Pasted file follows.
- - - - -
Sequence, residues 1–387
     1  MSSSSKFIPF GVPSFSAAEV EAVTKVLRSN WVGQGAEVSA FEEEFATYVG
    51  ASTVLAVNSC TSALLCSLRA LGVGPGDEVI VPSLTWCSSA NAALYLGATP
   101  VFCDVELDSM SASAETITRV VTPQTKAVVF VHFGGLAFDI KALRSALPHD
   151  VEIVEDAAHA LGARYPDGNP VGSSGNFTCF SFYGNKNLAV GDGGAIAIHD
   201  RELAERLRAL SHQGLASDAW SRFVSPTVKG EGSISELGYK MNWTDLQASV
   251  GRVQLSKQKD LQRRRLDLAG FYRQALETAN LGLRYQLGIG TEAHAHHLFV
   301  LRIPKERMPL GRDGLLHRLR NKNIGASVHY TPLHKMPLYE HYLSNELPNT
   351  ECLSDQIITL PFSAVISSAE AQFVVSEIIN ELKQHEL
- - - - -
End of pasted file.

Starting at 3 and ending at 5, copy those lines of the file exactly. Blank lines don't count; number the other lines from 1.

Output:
    51  ASTVLAVNSC TSALLCSLRA LGVGPGDEVI VPSLTWCSSA NAALYLGATP
   101  VFCDVELDSM SASAETITRV VTPQTKAVVF VHFGGLAFDI KALRSALPHD
   151  VEIVEDAAHA LGARYPDGNP VGSSGNFTCF SFYGNKNLAV GDGGAIAIHD